Validation Based Protocol in DBMS
Validation Based Protocol is also called Optimistic Concurrency Control Technique. This protocol is used in DBMS (Database Management System) for avoiding concurrency in transactions. It is called optimistic because of the assumption it makes, i.e. very less interference occurs, therefore, there is no need for checking while the transaction is executed.
In this technique, no checking is done while the transaction is been executed. Until the transaction end is reached updates in the transaction are not applied directly to the database. All updates are applied to local copies of data items kept for the transaction. At the end of transaction execution, while execution of the transaction, a validation phase checks whether any of transaction updates violate serializability. If there is no violation of serializability the transaction is committed and the database is updated; or else, the transaction is updated and then restarted.
Optimistic Concurrency Control is a three-phase protocol. The three phases for validation based protocol:
- Read Phase:
Values of committed data items from the database can be read by a transaction. Updates are only applied to local data versions.
- Validation Phase:
Checking is performed to make sure that there is no violation of serializability when the transaction updates are applied to the database.
- Write Phase:
On the success of the validation phase, the transaction updates are applied to the database, otherwise, the updates are discarded and the transaction is slowed down.
The idea behind optimistic concurrency is to do all the checks at once; hence transaction execution proceeds with a minimum of overhead until the validation phase is reached. If there is not much interference among transactions most of them will have successful validation, otherwise, results will be discarded and restarted later. These circumstances are not much favourable for optimization techniques, since, the assumption of less interference is not satisfied.
Validation based protocol is useful for rare conflicts. Since only local copies of data are included in rollbacks, cascading rollbacks are avoided. This method is not favourable for longer transactions because they are more likely to have conflicts and might be repeatedly rolled back due to conflicts with short transactions.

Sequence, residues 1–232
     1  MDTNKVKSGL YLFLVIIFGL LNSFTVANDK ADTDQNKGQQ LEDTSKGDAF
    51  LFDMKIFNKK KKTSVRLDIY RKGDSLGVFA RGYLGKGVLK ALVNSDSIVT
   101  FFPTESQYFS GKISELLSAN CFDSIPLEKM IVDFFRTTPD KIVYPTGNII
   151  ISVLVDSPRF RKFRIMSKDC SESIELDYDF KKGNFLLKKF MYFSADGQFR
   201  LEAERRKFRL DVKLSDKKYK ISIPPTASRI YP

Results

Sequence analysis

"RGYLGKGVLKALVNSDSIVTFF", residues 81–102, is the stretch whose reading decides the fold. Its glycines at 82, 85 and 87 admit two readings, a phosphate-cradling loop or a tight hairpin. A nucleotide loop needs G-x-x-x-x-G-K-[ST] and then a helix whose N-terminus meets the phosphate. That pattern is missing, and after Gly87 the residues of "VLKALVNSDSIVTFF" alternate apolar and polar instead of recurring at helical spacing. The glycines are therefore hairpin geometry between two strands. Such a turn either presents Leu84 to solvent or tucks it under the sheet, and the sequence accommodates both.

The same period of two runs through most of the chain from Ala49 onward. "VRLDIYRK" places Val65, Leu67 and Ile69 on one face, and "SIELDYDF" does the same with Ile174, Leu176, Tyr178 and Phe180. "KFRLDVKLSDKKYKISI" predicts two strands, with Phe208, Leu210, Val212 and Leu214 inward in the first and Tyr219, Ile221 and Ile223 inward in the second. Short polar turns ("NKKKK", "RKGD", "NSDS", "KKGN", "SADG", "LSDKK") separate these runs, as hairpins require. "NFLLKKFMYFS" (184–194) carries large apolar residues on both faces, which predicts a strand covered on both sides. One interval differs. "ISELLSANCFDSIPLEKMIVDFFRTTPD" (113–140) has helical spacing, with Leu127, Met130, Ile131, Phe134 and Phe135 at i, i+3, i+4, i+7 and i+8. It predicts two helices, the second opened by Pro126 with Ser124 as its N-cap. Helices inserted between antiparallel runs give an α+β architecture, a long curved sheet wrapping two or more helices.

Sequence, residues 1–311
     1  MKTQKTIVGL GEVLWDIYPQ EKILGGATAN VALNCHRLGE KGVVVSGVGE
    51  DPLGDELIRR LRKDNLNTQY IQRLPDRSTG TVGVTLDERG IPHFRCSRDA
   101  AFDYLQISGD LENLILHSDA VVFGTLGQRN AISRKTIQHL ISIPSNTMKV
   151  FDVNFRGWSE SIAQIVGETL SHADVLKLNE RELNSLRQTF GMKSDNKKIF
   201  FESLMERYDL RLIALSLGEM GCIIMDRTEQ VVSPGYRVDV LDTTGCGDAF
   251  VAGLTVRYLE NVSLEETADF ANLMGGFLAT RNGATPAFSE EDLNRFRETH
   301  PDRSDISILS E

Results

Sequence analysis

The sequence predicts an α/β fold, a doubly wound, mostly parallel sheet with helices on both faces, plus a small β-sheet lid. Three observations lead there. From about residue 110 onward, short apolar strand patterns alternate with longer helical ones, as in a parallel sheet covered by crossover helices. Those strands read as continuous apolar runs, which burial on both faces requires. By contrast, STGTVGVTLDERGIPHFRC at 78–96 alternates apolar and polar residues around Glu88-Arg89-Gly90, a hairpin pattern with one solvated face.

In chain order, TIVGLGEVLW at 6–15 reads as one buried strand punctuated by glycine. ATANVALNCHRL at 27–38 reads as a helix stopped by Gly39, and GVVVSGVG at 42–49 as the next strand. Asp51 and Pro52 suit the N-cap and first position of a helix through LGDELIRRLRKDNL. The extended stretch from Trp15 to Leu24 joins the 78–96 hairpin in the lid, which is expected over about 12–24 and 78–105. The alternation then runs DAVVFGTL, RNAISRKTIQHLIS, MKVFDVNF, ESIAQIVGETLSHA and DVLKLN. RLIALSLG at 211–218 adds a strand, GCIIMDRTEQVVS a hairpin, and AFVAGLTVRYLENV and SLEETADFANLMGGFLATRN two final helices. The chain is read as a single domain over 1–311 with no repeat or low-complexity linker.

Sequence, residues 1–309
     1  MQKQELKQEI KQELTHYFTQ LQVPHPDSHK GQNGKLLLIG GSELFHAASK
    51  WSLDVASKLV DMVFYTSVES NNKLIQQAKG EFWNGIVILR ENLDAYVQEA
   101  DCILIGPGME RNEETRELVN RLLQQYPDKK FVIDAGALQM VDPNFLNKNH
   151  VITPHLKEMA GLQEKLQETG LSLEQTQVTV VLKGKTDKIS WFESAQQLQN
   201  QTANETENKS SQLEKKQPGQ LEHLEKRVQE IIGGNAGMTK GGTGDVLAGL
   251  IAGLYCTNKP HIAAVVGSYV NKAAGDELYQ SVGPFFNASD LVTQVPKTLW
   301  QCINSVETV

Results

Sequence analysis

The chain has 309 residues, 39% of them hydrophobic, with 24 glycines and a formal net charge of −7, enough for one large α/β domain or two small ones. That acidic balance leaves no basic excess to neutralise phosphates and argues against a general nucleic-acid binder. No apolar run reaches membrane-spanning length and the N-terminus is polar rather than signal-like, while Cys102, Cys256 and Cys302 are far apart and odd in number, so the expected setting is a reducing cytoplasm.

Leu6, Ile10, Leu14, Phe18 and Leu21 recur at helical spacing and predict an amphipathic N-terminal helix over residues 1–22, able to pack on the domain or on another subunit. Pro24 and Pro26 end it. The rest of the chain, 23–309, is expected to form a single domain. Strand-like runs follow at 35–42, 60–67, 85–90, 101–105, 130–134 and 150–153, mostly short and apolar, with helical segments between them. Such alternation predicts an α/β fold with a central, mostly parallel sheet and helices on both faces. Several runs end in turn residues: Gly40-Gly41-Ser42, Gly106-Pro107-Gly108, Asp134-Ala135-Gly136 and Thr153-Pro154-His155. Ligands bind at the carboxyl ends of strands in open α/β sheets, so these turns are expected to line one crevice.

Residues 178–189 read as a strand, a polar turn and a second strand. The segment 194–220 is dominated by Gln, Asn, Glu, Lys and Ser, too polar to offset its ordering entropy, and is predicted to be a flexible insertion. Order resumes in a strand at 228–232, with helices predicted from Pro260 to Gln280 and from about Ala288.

In order to perform the Validation test, each transaction should go through the various phases as described above. Then, we must know about the following three time-stamps that we assigned to transaction Ti, to check its validity:
1. Start(Ti): It is the time when Ti started its execution.
2. Validation(Ti): It is the time when Ti just ﬁnished its read phase and begin its validation phase.
3. Finish(Ti): the time when Ti end it’s all writing operations in the database under write-phase.
Two more terms that we need to know are:
1. Write_set: of a transaction contains all the write operations that Ti performs.
2. Read_set: of a transaction contains all the read operations that Ti performs.
In the Validation phase for transaction Ti the protocol inspect that Ti doesn’t overlap or intervene with any other transactions currently in their validation phase or in committed. The validation phase for Ti checks that for all transaction Tj one of the following below conditions must hold to being validated or pass validation phase:
1. Finish(Tj)<Starts(Ti), since Tj finishes its execution means completes its write-phase before Ti started its execution(read-phase). Then the serializability indeed maintained.
2. Ti begins its write phase after Tj completes its write phase, and the read_set of Ti should be disjoint with write_set of Tj.
3. Tj completes its read phase before Ti completes its read phase and both read_set and write_set of Ti are disjoint with the write_set of Tj.
Ex: Here two Transactions Ti and Tj are given, since TS(Tj)<TS(Ti) so the validation phase succeeds in the Schedule-A. It’s noteworthy that the final write operations to the database are performed only after the validation of both Ti and Tj. Since Ti reads the old values of x(12) and y(15) while print(x+y) operation unless final write operation take place.
Schedule-A x=x-10 r(y) //y=15 y=y+10 r(x) <validate> print(x+y) w(x) w(y)
Tj Ti r(x) // x=12 r(x) <validate>
Schedule-A is a validated schedule
1. Avoid Cascading-rollbacks: This validation based scheme avoid cascading rollbacks since the final write operations to the database are performed only after the transaction passes the validation phase. If the transaction fails then no updation operation is performed in the database. So no dirty read will happen hence possibilities cascading-rollback would be null.
2. Avoid deadlock: Since a strict time-stamping based technique is used to maintain the specific order of transactions. Hence deadlock isn’t possible in this scheme.
1. Starvation: There might be a possibility of starvation for long-term transactions, due to a sequence of conﬂicting short-term transactions that cause the repeated sequence of restarts of the long-term transactions so on and so forth. To avoid starvation, conﬂicting transactions must be temporarily blocked for some time, to let the long-term transactions to ﬁnish.
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